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By Chris Oddo | Sunday August 19, 2018


Novak Djokovic is the master of Masters, and it was a long time coming.

The Serb continued his comeback surge with a 6-4, 6-4 victory over Roger Federer on Sunday at the Western and Southern Open in Cincinnati to become the first player in history to win all nine Masters 1000 titles.

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Djokovic, who lost his first five Cincinnati finals, including three to Federer, said the pressure had been building in his mind for a while even as he tried to block it out.

“Just filled with great emotions,” Djokovic told reporters after the final. “You know, obviously I tried for five times. I didn't succeed. I kept on coming here, and I felt, to be honest, more pressure every time that I kept coming.”


It was a special day in what has been a special summer for the 13-time major champion. Djokovic stormed to the Wimbledon title to erase all doubts about his ability to return to form after wrist surgery had placed his career on hold in 2018. After beginning the season 6-6, undergoing a medical procedure on his right elbow in February and sacking his newly formed coaching team Andre Agassi and Radek Stepanek, Djokovic has reunited with longtime muse Marian Vajda and forged a path back to the scintillating form that he displayed when he became the only player in his era to hold all four major titles at the same time in 2016.

But even after Wimbledon it didn’t feel like a lock that Djokovic would be able to continue his elevated form on the hardcourts. He fell in the third round to then 19-year-old Stefanos Tsitsipas in Toronto and in his first five matches in Cincinnati Djokovic struggled at times with timing and intensity.

But all the while the will to win was growing, and it showed as the Serb battled through four consecutive three-setters to reach the final, twice recovering from a set down to reach the quarterfinals, then defeating Milos Raonic and Marin Cilic in three-sets to reach the final.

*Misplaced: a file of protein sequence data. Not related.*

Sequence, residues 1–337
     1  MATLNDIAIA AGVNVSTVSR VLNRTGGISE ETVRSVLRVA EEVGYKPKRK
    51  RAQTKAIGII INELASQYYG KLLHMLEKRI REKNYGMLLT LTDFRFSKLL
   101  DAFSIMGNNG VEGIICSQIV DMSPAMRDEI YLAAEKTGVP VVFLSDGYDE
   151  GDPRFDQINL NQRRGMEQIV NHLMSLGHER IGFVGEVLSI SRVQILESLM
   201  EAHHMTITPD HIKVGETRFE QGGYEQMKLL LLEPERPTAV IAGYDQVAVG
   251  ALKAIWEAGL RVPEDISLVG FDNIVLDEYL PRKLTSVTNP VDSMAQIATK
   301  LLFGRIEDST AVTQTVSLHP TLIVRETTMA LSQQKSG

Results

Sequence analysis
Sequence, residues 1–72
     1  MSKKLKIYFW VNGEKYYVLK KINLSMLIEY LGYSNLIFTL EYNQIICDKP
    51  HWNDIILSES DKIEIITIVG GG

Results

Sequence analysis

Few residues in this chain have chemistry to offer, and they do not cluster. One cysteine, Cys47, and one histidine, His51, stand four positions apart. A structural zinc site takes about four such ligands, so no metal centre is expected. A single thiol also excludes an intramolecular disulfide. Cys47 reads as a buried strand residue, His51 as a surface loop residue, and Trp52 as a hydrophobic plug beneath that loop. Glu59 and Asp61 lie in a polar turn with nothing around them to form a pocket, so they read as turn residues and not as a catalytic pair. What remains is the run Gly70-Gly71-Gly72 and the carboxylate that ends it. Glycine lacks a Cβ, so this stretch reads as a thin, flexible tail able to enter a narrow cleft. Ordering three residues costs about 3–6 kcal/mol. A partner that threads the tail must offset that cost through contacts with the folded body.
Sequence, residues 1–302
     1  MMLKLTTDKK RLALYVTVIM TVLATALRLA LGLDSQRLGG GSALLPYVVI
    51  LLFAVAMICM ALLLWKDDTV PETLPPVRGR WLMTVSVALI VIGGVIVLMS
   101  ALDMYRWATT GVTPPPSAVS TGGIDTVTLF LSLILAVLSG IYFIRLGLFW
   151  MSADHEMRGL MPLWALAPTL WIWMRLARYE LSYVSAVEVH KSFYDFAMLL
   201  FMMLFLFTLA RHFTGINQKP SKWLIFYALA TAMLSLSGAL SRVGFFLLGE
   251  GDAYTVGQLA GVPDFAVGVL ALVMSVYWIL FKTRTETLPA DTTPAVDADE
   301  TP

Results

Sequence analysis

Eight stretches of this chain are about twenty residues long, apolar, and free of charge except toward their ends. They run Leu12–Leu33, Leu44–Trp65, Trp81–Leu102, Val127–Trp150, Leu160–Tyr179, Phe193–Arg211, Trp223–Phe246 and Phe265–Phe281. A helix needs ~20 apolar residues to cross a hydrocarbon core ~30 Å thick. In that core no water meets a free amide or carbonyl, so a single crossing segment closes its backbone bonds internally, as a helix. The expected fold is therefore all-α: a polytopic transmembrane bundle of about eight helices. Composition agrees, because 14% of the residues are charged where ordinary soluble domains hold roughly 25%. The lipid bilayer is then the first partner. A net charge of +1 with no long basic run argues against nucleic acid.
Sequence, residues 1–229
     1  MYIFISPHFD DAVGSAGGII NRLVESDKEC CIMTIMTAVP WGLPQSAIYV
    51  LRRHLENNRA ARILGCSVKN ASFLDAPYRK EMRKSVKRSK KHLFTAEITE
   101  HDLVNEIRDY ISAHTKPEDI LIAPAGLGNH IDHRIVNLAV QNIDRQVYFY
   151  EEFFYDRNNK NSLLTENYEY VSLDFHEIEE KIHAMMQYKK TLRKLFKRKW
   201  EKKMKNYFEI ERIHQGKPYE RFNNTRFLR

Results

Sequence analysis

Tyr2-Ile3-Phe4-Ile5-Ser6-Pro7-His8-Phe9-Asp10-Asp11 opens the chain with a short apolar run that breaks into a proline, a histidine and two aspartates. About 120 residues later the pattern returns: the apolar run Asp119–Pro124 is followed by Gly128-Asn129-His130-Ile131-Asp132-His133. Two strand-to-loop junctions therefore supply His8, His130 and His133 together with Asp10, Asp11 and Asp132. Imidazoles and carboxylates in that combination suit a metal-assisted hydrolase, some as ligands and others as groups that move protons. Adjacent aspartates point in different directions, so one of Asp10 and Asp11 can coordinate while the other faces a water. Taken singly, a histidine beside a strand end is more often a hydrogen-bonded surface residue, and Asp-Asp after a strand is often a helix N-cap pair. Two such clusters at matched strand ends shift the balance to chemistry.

It was Djokovic’s first hardcourt final since January of 2017, but the Serb was more than ready for the occasion as he dominated Federer from the baseline and snapped the Swiss’ run of 100 consecutive holds at Cincinnati, breaking three times on six opportunities to march to a relatively uncomplicated victory.

After the final, Djokovic expressed gratitude to Federer and said that playing against the Swiss for the first time in two and a half years was a great pleasure for him.


“It's a pleasure to share the court with him, with the all-time great, I truly mean that,” Djokovic said. “With him, with Nadal, these guys have been such an integral, important part of my life and my career and my evolution as a tennis player. You know, they make me play my best tennis. They make me improve. They made me, you know, think about what I need to do in order to try to be the best player in the world.”

For Federer, who turned 37 on August 8, the pleasure wasn’t as sweet.

He struggled to make returns and rarely got the better of the Serb during baseline rallies.

Federer saved two break points in the first game of the match but could not do the same in the seventh game when he completely whiffed on a forehand on break point to hand Djokovic the 4-3 lead.

Djokovic lost just two points on serve in his next two service games and when a Federer backhand return sunk into the net the Serb had the opener, 6-4, in 37 minutes.

Tennis Express

After a trade of breaks in the second set, Djokovic would power through in the seventh game, when an uncharacteristically bad double-fault by Federer gave the Serb a break point. He capitalized immediately, sending a backhand pass down the line for a clean winner and a 4-3 lead, and he did not face a break point as he held in the final two games to clinch his victory in one hour and 24 minutes.

Federer was somewhat puzzled by his own ability to provide answers to Djokovic's all-court defensive stylings in this contest, but after the match he expressed a desire to put it in the past as soon as possible. The Swiss was playing on hardcourts for the first time this summer and won’t dwell on things or carry the loss with him to New York.

“I don't even want to look for reasons why it happened,” he said of his performance. “I just think it did. Novak totally deserved to win today. This was not good enough. It's okay. Good week, but I'm happy it's over and I need to rest. So it's all good.”

Djokovic improves to 24-22 against Federer with the victory, and he earns his 70th career title and his 31st Masters 1000 title. But it was the Golden Masters crown that really excited him, like the rest of the tennis world, when all was said and done.

“Definitely one of the most special moments in my career,” he said. “Achievements, making history of the sport that I truly love is a great privilege and honor and something that I'll be very proud of for the rest of my life.”

 

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